The Sunflower

Pflugradt: How The Sunflower and others are already feeling the effects of budget cuts

Thanks to a rubber stamp by Wichita State President John Bardo, The Sunflower will receive $80,000 in student fee allocations, thus shrinking The Sunflower’s budget to a new low.

Those unfamiliar with The Sunflower’s budget continue to propose ideas for how to cut spending. If we reduced print, if we asked for donations, if we didn’t do this or we didn’t do that, we’d be better off.

But that’s not the issue.

In reality, printing costs are marginal to the overall budget. The largest fraction is student salaries.

All staff positions are student positions — and all positions are paid. Nobody is getting rich. The students at The Sunflower are underpaid and overworked, but they’re all proud to be a piece of the puzzle because working for The Sunflower is more than just a paycheck; it’s the clips, the professional experience, and the camaraderie.

But because of the budget cuts, fewer students will get the opportunity to work for The Sunflower. The overworked and underpaid will be forced to take on higher workloads in order to preserve the quality of the publication. The challenges will increase.

In a recent issue of The Sunflower, a typo made it to print; and critics jumped on the opportunity.

While we admit fault, the reality is that we’re already feeling the effects of the budget cuts. Responsibilities are piling on those who are already bearing large burdens.

This week, The Denver Post published a front-page visitors guide to Denver’s own Coors Field, home of the Colorado Rockies. The faux paus? In the dominant photo under the headline “COORS FIELD”, The Denver Post somehow placed not a picture of Coors Field, but Citizens Bank, home of the Philadelphia Phillies. This issue made its way through print and to a circulation audience of more than 600,000.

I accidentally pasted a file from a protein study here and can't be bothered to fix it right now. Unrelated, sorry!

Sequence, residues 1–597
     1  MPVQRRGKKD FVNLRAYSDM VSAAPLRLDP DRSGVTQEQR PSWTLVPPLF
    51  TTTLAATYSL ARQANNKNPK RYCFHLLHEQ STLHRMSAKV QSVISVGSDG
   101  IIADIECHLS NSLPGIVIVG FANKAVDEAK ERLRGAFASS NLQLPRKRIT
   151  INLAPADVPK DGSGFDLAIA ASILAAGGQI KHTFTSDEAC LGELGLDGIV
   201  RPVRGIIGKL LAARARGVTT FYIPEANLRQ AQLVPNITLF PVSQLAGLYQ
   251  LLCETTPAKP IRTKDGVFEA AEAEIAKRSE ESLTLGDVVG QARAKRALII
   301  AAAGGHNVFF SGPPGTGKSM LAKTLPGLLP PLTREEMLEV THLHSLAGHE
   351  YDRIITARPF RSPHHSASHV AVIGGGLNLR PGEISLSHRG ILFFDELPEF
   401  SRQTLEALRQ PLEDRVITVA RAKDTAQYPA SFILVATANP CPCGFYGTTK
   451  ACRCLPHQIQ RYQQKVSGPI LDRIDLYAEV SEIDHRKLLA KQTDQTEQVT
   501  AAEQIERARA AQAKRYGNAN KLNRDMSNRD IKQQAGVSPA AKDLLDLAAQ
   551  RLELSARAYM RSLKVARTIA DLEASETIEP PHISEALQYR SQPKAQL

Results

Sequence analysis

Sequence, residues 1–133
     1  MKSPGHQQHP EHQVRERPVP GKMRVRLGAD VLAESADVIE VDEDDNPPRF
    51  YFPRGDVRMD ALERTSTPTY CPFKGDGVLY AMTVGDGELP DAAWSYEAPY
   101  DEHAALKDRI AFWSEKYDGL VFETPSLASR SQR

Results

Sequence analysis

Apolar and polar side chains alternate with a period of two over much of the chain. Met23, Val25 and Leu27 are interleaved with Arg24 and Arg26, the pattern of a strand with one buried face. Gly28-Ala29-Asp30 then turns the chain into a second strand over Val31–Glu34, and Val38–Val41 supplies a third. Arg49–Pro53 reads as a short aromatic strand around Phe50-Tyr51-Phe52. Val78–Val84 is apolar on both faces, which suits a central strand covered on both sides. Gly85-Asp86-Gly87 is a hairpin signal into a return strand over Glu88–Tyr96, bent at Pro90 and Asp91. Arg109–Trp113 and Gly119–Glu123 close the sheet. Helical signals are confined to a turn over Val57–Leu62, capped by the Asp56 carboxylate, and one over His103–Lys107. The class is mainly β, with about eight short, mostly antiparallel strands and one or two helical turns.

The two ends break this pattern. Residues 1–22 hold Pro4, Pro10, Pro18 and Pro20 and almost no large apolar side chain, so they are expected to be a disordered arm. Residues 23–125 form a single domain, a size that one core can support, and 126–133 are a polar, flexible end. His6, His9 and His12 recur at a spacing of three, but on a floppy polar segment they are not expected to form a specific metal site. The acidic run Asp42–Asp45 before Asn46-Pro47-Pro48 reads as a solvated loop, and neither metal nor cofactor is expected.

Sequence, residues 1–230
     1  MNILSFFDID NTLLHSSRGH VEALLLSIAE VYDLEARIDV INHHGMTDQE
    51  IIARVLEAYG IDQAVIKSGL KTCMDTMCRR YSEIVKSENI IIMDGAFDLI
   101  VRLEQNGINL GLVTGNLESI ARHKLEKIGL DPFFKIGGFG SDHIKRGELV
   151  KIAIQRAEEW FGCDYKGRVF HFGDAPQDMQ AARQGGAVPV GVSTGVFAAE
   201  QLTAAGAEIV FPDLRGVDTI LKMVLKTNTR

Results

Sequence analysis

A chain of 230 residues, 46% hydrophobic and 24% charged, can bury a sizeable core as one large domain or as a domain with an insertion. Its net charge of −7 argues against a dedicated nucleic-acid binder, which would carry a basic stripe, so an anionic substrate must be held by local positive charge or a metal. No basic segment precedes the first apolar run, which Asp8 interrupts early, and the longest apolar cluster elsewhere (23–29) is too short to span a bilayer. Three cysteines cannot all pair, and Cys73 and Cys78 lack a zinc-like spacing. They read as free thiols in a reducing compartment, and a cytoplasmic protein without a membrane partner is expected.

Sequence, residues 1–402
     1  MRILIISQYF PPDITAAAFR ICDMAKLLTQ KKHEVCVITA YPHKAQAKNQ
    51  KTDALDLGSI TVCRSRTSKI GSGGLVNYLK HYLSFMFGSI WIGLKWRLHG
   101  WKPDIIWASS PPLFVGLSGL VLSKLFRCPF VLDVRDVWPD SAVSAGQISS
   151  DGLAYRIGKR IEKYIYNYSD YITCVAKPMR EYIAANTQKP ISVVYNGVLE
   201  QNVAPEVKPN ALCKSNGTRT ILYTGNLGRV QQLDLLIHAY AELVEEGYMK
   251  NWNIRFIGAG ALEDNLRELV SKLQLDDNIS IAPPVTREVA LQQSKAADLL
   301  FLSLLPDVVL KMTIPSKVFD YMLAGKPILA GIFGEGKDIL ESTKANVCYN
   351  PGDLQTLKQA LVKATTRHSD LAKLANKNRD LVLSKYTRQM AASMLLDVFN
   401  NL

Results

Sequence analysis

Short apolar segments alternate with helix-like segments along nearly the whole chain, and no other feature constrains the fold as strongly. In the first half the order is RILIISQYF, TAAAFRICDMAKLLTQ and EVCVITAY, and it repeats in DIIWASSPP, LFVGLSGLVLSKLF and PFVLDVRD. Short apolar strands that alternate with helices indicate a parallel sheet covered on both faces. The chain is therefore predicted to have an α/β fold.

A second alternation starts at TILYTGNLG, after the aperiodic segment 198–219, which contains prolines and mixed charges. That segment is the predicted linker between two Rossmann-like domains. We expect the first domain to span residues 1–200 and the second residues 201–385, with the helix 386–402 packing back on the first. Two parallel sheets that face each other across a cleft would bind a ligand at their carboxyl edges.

Honest mistake? Sure. Funny? Absolutely.

But really, the mistake is just one of the effects of The Denver Post cutting jobs from more than half their sports section — and more than half their staff total. Had that page passed by more eyes, the mistake probably wouldn’t have made it to print.

The Denver Post published a front-page editorial referencing the layoffs and taking a stance on their New York-based hedge-fund ownership.

The Sunflower, like other newsrooms, are full of tired, overworked students with eyes glazed over. Audiences and the news staffs are holding theirselves to higher standards.

Offer any fix you want to solve The Sunflower’s budget crisis. We’re already cutting corners. Just realize in the most sincere way that dollars are people — and that’s why these cuts hurt the most.

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